POST-GAZETTE - Res Publica
The Fraud of Free Trade
by David Trumbull -- October 26, 2012
Recently, a friend passed along an article, written by libertarian author Arthur E. Foulkes, illustrating "The Magic of Free Trade," as predicted by 19th century economist's David Ricardo's theory of comparative advantage. The illustration was simple and, on the face, compelling. He gave a classroom full of fifth graders randomly selected gifts of approximately equal value and told them they were free to trade gifts among themselves. Nearly all the kids made trades, so that what started as random gifts that gave some pleasure to each kid, ended with each child feeling he was better off, having traded until he got the gift he really wanted. Well, so far so good, but what happens when, as the author does, you try to transfer comparative advantage to international trade? The ideology breaks down when applied to the real world.
Free trade comparative advantage theory assumes a world like that fifth grade classroom, where all actors operate under the same rules and approach the trading system as roughly equal participants. That does not describe the real world, and that is why free trade, which is based on a good premise -- the free market --, fails to delivery mutual prosperity as promised. The premise of free trade is that individuals, acting in their own self-interest, will create a more prosperous economy with more opportunities for all once market-distorting government regulations are removed. In Ricardo's time the tariff was one of the main ways governments distorted trade. Hence, liberal (as the term was used at the time, now we call them conservative or libertarian) theorists attacked the tariff. The situation today is quite different.
Today all major trading countries impose many distortions on international trade, with tariffs being just one of many, and frequently the most significant, barrier to free trade. However many free traders fail to take into account these trade distorting policies and scream "protectionism" whenever the U.S. tries to craft a remedy to offset some of our trading partners' trade distorting actions. Here are some ways in which world trade, as practiced, differs from the comparative advantage theory's assumption of roughly equal players operating under the same rules.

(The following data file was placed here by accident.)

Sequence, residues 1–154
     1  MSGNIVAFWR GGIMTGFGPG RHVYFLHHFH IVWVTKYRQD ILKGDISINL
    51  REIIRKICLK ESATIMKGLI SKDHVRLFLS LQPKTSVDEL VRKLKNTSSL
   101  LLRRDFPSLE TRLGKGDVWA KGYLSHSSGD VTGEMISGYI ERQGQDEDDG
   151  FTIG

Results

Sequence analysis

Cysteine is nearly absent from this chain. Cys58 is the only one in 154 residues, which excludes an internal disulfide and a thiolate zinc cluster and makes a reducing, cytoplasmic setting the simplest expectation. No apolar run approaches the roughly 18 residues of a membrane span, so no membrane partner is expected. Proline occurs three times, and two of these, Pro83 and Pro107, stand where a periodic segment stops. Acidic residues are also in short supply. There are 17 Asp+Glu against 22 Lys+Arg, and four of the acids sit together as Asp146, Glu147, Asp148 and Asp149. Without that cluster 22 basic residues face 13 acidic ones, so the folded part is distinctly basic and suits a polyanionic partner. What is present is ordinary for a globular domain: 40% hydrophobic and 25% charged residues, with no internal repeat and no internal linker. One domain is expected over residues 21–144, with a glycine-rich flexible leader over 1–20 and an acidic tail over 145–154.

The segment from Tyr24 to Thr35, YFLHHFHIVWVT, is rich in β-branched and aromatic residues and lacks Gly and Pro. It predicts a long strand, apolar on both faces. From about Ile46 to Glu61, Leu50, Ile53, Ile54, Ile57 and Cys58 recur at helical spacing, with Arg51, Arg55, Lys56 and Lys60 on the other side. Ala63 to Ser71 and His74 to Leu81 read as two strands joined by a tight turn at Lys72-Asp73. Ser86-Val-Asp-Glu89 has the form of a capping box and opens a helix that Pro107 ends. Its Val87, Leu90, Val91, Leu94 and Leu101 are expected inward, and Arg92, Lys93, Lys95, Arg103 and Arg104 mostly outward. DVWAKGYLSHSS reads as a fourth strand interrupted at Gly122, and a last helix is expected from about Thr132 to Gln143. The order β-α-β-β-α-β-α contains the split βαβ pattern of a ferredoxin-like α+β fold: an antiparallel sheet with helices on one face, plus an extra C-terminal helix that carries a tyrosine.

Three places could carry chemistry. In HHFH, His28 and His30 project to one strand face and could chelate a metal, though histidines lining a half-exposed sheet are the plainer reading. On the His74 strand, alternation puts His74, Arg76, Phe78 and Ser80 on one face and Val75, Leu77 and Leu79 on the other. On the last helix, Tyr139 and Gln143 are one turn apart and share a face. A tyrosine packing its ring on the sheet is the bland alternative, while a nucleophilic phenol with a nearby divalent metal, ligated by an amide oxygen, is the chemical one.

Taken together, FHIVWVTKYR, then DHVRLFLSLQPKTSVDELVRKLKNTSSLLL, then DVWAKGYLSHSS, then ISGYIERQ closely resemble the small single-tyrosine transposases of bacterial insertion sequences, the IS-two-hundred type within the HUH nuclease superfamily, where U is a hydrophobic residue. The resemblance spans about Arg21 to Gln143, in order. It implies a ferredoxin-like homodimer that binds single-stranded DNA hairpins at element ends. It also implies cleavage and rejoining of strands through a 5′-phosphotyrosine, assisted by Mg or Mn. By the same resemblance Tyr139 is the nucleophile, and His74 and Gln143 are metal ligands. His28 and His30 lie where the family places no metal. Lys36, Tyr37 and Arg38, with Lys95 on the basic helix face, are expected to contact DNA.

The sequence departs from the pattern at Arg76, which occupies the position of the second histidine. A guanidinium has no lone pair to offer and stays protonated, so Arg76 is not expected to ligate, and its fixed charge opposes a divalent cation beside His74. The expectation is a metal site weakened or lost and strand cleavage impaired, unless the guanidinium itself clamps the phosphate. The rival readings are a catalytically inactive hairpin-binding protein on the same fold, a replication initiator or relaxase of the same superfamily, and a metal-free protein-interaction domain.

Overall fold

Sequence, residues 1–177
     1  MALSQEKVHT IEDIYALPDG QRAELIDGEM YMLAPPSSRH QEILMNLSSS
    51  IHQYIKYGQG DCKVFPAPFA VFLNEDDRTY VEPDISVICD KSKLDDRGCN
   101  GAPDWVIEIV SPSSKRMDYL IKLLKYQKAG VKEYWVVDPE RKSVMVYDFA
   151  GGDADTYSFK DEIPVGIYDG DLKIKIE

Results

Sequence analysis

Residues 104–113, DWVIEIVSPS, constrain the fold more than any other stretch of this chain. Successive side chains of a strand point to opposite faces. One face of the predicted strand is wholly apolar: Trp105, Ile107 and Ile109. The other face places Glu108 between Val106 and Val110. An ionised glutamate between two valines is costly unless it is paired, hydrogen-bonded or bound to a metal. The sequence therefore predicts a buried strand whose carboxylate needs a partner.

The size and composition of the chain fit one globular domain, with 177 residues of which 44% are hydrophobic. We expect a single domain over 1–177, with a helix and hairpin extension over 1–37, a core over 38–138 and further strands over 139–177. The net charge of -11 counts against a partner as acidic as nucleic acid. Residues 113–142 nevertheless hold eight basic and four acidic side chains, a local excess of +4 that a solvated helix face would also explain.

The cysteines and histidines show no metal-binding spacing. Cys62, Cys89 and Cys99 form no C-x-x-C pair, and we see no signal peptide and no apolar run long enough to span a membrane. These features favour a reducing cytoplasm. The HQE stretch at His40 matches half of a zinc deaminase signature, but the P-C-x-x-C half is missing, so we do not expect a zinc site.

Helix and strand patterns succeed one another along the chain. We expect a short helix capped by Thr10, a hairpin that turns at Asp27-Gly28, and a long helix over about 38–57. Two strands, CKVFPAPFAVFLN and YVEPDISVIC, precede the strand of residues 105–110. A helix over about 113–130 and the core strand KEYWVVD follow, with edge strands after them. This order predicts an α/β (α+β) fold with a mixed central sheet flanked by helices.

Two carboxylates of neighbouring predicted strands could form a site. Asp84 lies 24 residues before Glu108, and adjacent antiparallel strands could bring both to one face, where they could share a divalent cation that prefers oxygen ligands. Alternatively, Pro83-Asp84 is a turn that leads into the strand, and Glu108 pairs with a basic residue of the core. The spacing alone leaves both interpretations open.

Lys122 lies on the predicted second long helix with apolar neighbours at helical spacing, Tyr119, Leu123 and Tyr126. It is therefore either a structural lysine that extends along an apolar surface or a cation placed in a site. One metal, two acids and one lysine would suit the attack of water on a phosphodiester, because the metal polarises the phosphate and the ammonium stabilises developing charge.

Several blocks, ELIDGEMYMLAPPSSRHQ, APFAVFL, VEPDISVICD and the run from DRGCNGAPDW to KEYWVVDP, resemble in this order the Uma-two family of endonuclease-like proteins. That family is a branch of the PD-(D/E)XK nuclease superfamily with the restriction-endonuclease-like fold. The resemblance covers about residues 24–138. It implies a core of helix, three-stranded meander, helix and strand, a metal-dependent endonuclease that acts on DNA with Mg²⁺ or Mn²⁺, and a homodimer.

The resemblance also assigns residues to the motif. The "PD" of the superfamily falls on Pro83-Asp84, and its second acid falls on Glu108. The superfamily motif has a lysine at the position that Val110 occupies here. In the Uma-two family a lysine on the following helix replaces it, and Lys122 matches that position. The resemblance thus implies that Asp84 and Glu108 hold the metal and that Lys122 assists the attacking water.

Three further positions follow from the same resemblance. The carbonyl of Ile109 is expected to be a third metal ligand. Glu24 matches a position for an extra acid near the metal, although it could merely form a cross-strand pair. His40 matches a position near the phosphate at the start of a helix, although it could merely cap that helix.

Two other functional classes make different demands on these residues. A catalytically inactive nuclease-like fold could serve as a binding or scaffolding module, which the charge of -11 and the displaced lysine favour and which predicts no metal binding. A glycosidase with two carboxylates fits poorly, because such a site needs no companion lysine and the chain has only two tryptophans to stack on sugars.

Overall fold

1. Tax policy and international trading rules. Taxes, aside from the particular rate, can distort trade in many ways by favoring or disfavoring certain industries. Even more important, in international trade, is the method of taxation and how the World Trade Organization ("WTO") rules treat the different types of taxes. WTO rules prohibit, as a trade distorting policy, tax rebates or other payments to companies as incentives to export. However the WTO rules do make an exemption in the case of "indirect" taxes, such as the value-added tax ("VAT") that all of our trading partners use as their principle means of raising revenue. In practical terms what this means is that if you make widgets in the U.S. you pay all of your U.S. taxes and when you ship them to, say, Germany, you also pay Germany's 16% VAT. If you make the widgets in Germany you pay 16% VAT, which is rebated when you export, and if you export to the U.S. you pay no U.S. taxes. The result is the U.S. producer shipping to Germany pays full U.S. and German tax, while the producer in Germany who ships to the U.S. pays no tax. This is a trade distortion of considerably magnitude, but if you propose, as I do, to impose a U.S. tax to offset it (thus creating the "roughly equal partners playing under the same rules" world assumed by comparative advantage theory) I'll be branded a "protectionist" and lectured at on the theories of Adam Smith and David Ricardo.